Florida Auto Exchange Stadium, the home of the single-A Dunedin Blue Jays and the spring training home of the Toronto Blue Jays, was opened in 1990. The ballpark is built on the site of Grant Field, which was the original home of the Jays. The city of Dunedin and this location are the only home that the Blue Jays have ever had since their inception as a franchise in 1977.
While many teams have shifted spring training venues over the decades and in some cases moved back and forth between Florida and Arizona, Toronto’s relationship with Dunedin has been a constant and the Blue Jays are synonymous with this suburban bedroom community on the outskirts of St.Petersburg/Clearwater.
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Much of the food presentation available at spring training is closed during the summer season, and that pretty much means two concession stands open to serve the smaller crowds at this level of baseball. The offerings here are pretty much standard stadium concessions including pizza ($3.25), hot dogs ($3), nachos, popcorn, peanuts, and cracker jacks ($2.75-$4.50). Coke products run $3-$5, and draft Budweisers are also $5. The sandwich offerings include cheeseburgers, bratwurst and Italian sausage ($5) and veggie burger and pulled pork sandwiches ($6).
Most spring training venues are built and configured to handle the crowds for major league spring training games. Dunedin is no exception. With about 6,000 fixed seats, the team draws far fewer fans come summer, and that means sparse attendance, with those in the building seeking canopied or shaded areas for comfort during the brutally hot summers, especially for day games.
Florida Auto Exchange Stadium is your prototypical neighborhood ballpark, sandwiched in amongst residential neighborhoods, and adjacent to the Jays' spring training practice facility. There really is no "neighborhood" to speak of in terms of walkable district or things to do in the area.
The city of Dunedin, however, is a sparkling and attractive tourist destination, with beautiful beaches, the Honeymoon Island nature preserve, the famous Sponge Docks, and terrific dining options.. As for sports bar options, try the Dunedin Brewery on Douglas Ave, not too far from the ballpark. Eddie's Bar and Grill and Norton's Sports Bar and Grill are two other good places to check out nearby.
There are six spring training sites within a 50 mile proximity in the Tampa Bay area, and in Dunedin, the team has to fight for a fan base amongst these competing markets, not to mention that the MLB Tampa Bay Rays are the big game in town. And they don't exactly draw well either. So expect small crowds, little fan energy and general apathy about the fortunes of the team.
Located on Douglas Ave and US-19 running parallel to Douglas just a mile or so away, the stadium is well served with easily drivable boulevards to get you in and out. Public transportation is not an option. Ample parking is available on the stadium grounds. During spring training when the crowds are much larger, some of the homes surrounding the ballpark property sell spaces on their front lawns. But for the A-ball summer league, parking is free and plentiful.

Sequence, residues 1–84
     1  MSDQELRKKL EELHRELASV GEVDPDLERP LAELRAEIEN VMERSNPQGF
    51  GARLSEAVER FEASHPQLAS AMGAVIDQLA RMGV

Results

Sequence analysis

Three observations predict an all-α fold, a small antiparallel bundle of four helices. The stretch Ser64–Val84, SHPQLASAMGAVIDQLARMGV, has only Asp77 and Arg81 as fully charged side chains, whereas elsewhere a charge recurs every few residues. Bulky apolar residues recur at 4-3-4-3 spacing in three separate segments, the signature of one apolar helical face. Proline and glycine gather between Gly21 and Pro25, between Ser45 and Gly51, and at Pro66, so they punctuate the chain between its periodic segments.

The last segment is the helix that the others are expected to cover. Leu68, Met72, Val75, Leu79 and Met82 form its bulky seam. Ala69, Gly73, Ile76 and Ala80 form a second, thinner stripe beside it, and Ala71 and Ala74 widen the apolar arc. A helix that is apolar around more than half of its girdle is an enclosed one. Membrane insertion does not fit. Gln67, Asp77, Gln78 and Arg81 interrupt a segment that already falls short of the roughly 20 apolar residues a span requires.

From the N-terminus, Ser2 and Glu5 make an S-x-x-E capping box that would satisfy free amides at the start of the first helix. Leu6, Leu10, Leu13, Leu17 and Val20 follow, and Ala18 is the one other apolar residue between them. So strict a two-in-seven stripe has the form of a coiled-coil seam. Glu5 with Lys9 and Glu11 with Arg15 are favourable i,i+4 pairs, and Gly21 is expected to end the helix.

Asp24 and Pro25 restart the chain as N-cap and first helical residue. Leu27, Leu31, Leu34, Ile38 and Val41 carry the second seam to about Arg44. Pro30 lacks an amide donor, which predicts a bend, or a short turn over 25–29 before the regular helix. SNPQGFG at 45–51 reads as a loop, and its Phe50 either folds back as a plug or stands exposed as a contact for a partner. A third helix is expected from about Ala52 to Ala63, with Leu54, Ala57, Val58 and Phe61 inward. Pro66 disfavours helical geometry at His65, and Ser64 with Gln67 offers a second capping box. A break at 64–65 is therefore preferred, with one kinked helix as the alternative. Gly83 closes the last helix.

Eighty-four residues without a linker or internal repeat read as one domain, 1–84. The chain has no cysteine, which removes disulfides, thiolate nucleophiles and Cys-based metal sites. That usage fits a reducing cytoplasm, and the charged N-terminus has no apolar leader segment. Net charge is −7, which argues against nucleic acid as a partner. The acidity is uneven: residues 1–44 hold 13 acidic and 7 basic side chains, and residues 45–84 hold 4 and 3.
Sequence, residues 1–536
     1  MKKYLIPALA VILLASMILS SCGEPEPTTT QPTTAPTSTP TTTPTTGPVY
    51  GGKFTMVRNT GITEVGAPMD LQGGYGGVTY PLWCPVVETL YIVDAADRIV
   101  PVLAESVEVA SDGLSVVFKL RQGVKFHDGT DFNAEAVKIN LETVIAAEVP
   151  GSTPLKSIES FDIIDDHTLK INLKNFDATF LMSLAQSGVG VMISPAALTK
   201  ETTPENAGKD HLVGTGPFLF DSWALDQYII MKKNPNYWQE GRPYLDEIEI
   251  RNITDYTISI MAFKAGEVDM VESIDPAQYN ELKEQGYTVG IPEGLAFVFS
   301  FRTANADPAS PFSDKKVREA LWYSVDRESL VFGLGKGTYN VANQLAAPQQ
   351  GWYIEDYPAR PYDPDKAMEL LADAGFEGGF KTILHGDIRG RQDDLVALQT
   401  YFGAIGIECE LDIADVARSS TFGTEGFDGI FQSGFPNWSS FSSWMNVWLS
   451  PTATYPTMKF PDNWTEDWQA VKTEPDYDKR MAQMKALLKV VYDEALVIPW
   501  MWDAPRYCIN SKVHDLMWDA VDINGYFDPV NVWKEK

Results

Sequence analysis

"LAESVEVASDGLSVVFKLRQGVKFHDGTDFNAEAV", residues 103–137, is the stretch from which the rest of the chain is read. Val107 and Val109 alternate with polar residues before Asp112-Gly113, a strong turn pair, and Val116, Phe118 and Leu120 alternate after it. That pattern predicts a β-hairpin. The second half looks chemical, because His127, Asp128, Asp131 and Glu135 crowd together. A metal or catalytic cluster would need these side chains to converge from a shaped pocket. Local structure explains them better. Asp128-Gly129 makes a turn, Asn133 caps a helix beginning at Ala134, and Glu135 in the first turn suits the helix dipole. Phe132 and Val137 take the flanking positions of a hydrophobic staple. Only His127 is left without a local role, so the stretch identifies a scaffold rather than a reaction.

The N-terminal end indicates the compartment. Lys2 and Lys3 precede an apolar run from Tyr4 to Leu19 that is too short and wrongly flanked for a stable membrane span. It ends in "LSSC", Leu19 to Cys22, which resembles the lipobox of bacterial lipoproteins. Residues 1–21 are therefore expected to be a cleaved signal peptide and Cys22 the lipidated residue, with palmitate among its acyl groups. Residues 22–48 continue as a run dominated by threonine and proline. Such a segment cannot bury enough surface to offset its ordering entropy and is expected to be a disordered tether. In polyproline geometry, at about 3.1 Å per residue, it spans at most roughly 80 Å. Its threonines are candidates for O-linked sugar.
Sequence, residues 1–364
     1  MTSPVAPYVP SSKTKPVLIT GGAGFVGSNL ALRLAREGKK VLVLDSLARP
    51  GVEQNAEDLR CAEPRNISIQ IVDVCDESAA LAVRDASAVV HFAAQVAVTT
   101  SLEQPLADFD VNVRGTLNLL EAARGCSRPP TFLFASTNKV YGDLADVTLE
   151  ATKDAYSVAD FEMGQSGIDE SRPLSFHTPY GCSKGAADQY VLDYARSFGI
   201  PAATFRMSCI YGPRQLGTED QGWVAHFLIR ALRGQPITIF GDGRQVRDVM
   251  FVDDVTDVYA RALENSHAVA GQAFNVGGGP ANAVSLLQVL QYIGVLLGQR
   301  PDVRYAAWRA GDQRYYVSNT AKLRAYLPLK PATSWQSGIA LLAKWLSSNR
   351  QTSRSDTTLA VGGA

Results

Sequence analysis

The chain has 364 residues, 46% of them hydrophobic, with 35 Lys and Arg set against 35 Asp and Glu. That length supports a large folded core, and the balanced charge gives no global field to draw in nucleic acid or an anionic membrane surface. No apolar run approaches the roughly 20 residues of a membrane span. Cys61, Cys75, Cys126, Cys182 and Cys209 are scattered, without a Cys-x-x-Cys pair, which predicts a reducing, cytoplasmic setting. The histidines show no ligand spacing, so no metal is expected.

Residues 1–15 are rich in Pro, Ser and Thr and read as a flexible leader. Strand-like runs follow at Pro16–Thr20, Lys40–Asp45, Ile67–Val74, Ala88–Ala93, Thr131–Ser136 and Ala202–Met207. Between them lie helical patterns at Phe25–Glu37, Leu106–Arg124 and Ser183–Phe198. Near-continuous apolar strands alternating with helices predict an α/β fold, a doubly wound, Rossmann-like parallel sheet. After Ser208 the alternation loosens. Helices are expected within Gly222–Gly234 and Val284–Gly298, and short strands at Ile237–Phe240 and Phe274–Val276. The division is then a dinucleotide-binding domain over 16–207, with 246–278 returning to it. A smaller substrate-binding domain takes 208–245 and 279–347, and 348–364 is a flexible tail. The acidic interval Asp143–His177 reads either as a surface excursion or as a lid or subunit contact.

There are no reserved seats, the general admission price is $6 to get in, and parking is free. Concession prices are reasonable. However, the ancillary value of the total baseball experience is just not there. With few promotions, between inning distractions and other things to do, it pretty much becomes watching nine innings of baseball with 500 or so of your closest friends.
The Toronto Blue Jays' anthem and fight song, "OK Blue Jays" is performed during the 7th inning stretch. It's a nice shout out to their parent club and pretty much the only cultural connection in the game day experience. Also, Jays' colors, font and graphics adorn the signage and concession stand marquees. Also, there are nice banners of Jays greats who played here adorning the concourses, along with a plaque near home plate commemorating legendary broadcaster Tom Cheek.
If Dunedin wanted to create a bit more of a connection to their parent club, why not go all in, if for nothing else, to provide an attraction to the many Canadian visitors who come to this area each summer? Blow up the concession menu and start fresh - a craft beer section of great Canadian brews, add Poutine to the menu, sell those crazy Lays chips with ketchup. Add a Tim Hortons. Sing Oh Canada at the start of each game. Maybe even half in French. Place signage in meters and feet on the outfield walls. This accessorizing could give Dunedin and unique ballpark event which would easily distinguish themselves from their peer franchises in the Florida State League. Worth a try.